In Williams, plaintiffs sought to enjoin the use of a single-family residence lot as a driveway or walkway for ingress and egress to a four-unit apartment building located on commercially zoned property. The court concluded that because the use sought to be made of the subject property was not a designated, permissible use under the code, it was prohibited. To hold otherwise, according to the court, reduces the zoning ordinance to "a dead letter." ( Williams, 108 Ill. App.2d at 313, 247 N.E.2d at 450.) However, this court also recognized that cases involving different ordinances dispel meaningful comparison of the cases such that an earlier decided case may not require a given result in the subsequent case under the doctrine of stare decisis. And so, Williams does not require a determination in the instant case to the effect that the subject property cannot be a parking lot. In the case at bar, there is an entire article devoted to off-street parking. No such similar provision is cited in Williams or Parkview. In Williams, however, as in Parkview, a zoning decision was involved. In Williams, the property owner bought two lots zoned for single-family residence and attempted to have them rezoned to accommodate a multifamily dwelling. This request for rezoning was denied. Thereafter, the property owner purchased an adjacent commercially zoned parcel on which to construct the multifamily dwelling. In so constructing the building, a driveway was built across one of the residential lots. When the neighbors instituted an action in the circuit court seeking to prevent the driveway being placed across the residential lot, the City of Bloomington joined in the suit, alleging the driveway violated its zoning ordinance.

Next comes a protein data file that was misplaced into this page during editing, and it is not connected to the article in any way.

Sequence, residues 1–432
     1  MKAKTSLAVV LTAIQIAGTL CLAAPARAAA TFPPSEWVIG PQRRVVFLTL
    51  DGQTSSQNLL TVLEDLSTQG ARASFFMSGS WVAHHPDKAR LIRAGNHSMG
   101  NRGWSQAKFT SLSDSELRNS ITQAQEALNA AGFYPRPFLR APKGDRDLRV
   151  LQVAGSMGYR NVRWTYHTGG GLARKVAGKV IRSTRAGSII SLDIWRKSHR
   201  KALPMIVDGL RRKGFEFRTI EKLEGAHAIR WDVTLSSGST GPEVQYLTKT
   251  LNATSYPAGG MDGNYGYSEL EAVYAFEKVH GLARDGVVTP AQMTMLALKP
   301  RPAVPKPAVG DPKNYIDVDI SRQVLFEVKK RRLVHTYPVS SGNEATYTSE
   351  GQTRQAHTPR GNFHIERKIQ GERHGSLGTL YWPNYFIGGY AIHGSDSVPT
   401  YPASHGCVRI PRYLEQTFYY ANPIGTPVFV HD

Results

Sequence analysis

Nonnenmann also involved the use of a residentially zoned lot as a parking lot. Part of the rationale used to deny use as a parking lot was that nowhere in the zoning ordinance was a parking lot designated as a permissible use in a residential zone. However, the Nonnenmann decision did not rest solely on the zoning ordinance, and the case additionally involved lots in a subdivision with restrictive covenants requiring that these lots be residential. No such restrictive covenants are found in this case.